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March 15th, 2017:

Senate passes bathroom bill

Take your victory lap, Dan Patrick.

The Texas Senate on Tuesday tentatively signed off on the so-called “bathroom bill” on a 21-10 vote with one Democrat — state Sen. Eddie Lucio Jr. of Brownsville — voting in favor of the bill.

Senate Bill 6, a legislative priority of Lt. Gov. Dan Patrick, would require transgender people to use bathrooms in public schools, government buildings and other publicly-owned facilities that match their “biological sex” and not gender identity. And it would preempt local anti-discrimination laws meant to allow transgender residents to use public bathrooms that match their gender identity.

The vote on the controversial legislation came after a four-and-a-half-hour debate over discrimination against transgender Texans, local control and whether the proposed regulations would actually deter men from entering women’s restrooms.

Before passing the bill, senators considered 22 amendments. Republican senators joined the bill’s author, state Sen. Lois Kolkhorst, R-Brenham, in rejecting all but three amendments that make minor tweaks to the legislation but did not alter the main bathroom policies proposed in the legislation.

More than a dozen amendments were rejected including one that would have added discrimination protections for transgender individuals to the bill and another that would have prohibited individuals from personally investigating the gender identity of someone using a public bathroom. The Senate also rejected amendments that would have required the state to study the bill’s economic impact as well as crimes that occur in bathrooms.

You know the story by now, so I’ll just skip ahead. The Senate has to take one more vote on this, but that will be a formality. All the Republicans and the one Democrat who sorely needs to be primaried supported this atrocity. It’s up to the House to kill it, whether by neglect or by voting it down. Two things to call your attention to: One is the statement from the Texas Association of Business.

“We’re disappointed the Texas Senate would choose to pass discriminatory legislation like Senate Bill 6, despite clear indications that its passage will have an economic impact in Texas. TAB remains committed to fighting and defending the Texas economy against bills that discriminate and run counter to Texas values.

“Our members believe everyone deserves to be treated fairly and equally, and we have heard what they know- equity and non-discrimination is a twenty-first century economic imperative. Senate Bill 6 is simply not worth the risk, and it will do nothing to improve personal safety.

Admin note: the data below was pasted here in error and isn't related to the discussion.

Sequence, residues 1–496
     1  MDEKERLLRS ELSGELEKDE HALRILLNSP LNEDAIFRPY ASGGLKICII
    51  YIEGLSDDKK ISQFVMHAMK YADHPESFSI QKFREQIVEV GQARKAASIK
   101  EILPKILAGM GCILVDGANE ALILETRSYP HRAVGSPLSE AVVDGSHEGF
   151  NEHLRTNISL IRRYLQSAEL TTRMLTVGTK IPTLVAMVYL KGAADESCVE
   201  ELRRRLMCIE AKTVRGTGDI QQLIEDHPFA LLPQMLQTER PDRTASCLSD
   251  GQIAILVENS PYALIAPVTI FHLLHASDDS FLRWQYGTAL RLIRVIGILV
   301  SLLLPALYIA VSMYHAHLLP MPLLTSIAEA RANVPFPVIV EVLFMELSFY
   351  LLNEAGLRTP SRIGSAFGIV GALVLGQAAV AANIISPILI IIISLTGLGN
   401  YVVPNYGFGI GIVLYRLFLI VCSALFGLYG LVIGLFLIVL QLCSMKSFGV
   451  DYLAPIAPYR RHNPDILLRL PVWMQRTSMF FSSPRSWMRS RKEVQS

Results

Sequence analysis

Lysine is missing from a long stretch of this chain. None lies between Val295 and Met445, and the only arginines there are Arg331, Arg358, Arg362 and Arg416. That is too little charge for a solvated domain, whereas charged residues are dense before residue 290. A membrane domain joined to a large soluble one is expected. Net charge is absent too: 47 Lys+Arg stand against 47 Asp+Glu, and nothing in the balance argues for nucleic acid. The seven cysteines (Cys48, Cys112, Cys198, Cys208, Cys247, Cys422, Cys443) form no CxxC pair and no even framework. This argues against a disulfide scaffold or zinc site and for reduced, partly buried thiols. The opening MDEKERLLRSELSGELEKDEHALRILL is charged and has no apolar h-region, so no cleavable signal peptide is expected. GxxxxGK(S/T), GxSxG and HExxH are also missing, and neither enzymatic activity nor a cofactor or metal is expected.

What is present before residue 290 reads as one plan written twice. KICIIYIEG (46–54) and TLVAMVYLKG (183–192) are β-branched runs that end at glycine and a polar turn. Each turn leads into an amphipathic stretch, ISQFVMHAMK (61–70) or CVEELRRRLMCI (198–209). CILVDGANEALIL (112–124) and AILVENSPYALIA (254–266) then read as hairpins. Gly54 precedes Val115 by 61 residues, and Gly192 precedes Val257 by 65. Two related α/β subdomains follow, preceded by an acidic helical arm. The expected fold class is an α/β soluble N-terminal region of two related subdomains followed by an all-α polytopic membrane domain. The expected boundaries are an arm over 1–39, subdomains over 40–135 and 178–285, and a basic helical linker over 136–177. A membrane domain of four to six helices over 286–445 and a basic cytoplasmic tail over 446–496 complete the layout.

“Given the overwhelming economic evidence, and the clear rejection of the public safety argument from Texas law enforcement, Senate Bill 6 is a solution in search of a problem, and we hope that the Texas House will strongly reject this measure.”

RG Ratcliffe notes how business has lost control of the Republican Party. I’ll just say it again, if the TAB doesn’t work to defeat at least a few of the SB6 advocates, starting with Dan Patrick, then their opposition to SB6 basically meant nothing. Yes, there is a risk in trying to kill the king. This, and bills worse than it, is the risk of doing nothing. Your choice, TAB. And two, I give you this Statesman story on Jessica Shortall of Texas Competes:

Jessica Shortall, head of a Texas business group that advocates for LGBT rights, delivered a thoughtful and impassioned speech about the transgender bathroom debate at the South by Southwest conference on Sunday. It was the kind of speech that brought the crowd to its feet for a standing ovation — twice.

[…]

Shortall’s speech sprinkled anecdotes of her own life, touched on the Texas Competes mission, and worked in themes such as why it’s important to find common ground with political opponents.

“Assume there are no monoliths,” Shortall said. “The second you do that and label a whole group, you miss all the opportunities to find allies and build bridges.”

[…]

On Sunday, with a notepad in one hand and a handful of photos and data points projected on to a screen, she emphasized the need to build bridges with people who hold different beliefs, of finding common ground by rooting arguments in data, not emotion.

Midway through the speech she told the story of a trasngender girl who had an accident in a hallway at school because teachers couldn’t figure out which bathroom she should use.

“I wanted to shout,” Shortall said. “But I took a breath.” She noted that it feels good to be ideological and righteous, and isn’t as fun to stick to a strategy that involves talking to the other side and find common ground.

“Do you think I wanted to be the most boring, most data-driven LGBT advocate in the country?” Shortall said. “I am half-Venezuelan, raised in New Jersey, a very loud person. I like things big. But my job is to create this delicate new space for the business community to get involved in something risky. If I burn that down with my anger, I’d be at zero. I don’t matter. What matters is the goal.”